The fascinating story of the intensive search to discover and possess quinine—the only known cure for malaria
Malaria kills someone every 12 minutes in Africa. Now known mostly as a disease of the tropics, malaria led to the demise of the Roman Empire 2,000 years ago and ravaged Europe for years afterwards. At the start of the 17th century, Jesuit priests developed quinine, an alkaloid made out of the bitter red bark of the cinchona tree from the Andes. When quinine arrived in Europe, the Protestant powers resisted the medicine fearing that it was a Popish poison. Quinine’s reputation improved, however, when King Charles II was cured of malaria through its offices. Through the centuries, wars were fought to control the supply-through the building of the Panama Canal and into WWII--until Americans synthesized quinine for the first time in 1944.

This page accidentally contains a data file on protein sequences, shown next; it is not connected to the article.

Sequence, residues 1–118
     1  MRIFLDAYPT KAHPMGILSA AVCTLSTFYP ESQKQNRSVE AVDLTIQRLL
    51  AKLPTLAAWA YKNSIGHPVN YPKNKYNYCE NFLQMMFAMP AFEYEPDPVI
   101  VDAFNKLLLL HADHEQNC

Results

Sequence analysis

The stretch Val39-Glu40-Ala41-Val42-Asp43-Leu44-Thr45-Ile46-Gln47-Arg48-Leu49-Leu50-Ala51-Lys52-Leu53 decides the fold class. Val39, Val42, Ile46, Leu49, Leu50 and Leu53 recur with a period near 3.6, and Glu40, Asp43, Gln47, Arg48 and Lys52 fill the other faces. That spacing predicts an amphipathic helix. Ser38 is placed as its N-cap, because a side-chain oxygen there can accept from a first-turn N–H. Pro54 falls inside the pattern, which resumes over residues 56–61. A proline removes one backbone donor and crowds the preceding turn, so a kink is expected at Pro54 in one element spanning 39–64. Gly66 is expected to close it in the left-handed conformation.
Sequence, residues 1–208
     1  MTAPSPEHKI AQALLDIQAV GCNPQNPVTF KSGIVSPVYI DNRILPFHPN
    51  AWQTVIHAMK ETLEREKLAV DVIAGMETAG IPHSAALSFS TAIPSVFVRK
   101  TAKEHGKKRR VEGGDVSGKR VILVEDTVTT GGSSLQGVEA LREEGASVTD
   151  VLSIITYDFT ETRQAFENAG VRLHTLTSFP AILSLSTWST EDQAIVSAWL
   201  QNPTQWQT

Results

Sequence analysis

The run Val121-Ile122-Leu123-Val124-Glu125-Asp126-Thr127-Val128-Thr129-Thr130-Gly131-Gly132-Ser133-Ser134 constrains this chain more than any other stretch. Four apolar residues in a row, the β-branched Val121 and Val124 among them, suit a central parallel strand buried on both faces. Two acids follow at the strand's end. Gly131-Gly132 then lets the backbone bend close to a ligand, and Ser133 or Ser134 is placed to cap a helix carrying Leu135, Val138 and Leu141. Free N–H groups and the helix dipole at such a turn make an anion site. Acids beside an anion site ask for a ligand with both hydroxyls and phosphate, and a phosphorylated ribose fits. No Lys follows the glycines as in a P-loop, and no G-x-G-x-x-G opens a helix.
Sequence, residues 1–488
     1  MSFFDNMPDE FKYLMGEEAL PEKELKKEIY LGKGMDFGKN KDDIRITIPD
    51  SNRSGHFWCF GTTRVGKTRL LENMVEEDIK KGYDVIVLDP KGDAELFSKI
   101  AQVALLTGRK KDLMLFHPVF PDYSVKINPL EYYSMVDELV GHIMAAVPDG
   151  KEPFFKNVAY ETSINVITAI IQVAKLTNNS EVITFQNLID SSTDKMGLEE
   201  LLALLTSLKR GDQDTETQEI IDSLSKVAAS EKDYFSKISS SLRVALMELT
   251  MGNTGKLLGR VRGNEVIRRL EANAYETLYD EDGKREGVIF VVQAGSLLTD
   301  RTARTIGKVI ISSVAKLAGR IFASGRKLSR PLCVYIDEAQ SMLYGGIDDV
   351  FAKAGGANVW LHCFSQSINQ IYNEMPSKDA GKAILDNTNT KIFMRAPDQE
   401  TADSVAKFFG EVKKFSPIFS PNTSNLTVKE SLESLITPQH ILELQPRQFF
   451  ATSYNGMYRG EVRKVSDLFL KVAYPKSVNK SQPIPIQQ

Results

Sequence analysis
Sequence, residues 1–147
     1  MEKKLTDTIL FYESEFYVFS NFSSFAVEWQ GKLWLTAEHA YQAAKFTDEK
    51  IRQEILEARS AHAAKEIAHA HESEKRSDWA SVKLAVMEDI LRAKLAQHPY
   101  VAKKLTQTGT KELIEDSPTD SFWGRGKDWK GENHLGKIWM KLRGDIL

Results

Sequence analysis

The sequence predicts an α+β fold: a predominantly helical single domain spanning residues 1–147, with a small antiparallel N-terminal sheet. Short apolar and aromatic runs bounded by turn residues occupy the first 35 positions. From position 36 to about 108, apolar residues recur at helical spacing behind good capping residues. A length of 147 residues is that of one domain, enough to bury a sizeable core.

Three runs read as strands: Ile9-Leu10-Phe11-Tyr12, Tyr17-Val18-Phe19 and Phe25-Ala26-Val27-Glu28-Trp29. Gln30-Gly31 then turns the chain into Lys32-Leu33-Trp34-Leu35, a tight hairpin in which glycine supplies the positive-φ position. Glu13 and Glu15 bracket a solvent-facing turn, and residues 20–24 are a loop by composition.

Rocco describes the ravages of the disease, the search for a cure, and the quest to steal and smuggle cinchona seeds out of South America. The Miraculous Fever Tree deftly illuminates the religious and scientific rivalries, intrepid exploration and colonization evinced by the search for quinine.
Fiammetta Rocco was raised in Kenya. Her grandfather, her father and she herself all suffered from malaria. Ms. Rocco's investigative journalism has won a number of awards in the United States and in Britain. She lives in London, where she is the literary editor of the Economist. This is her first book.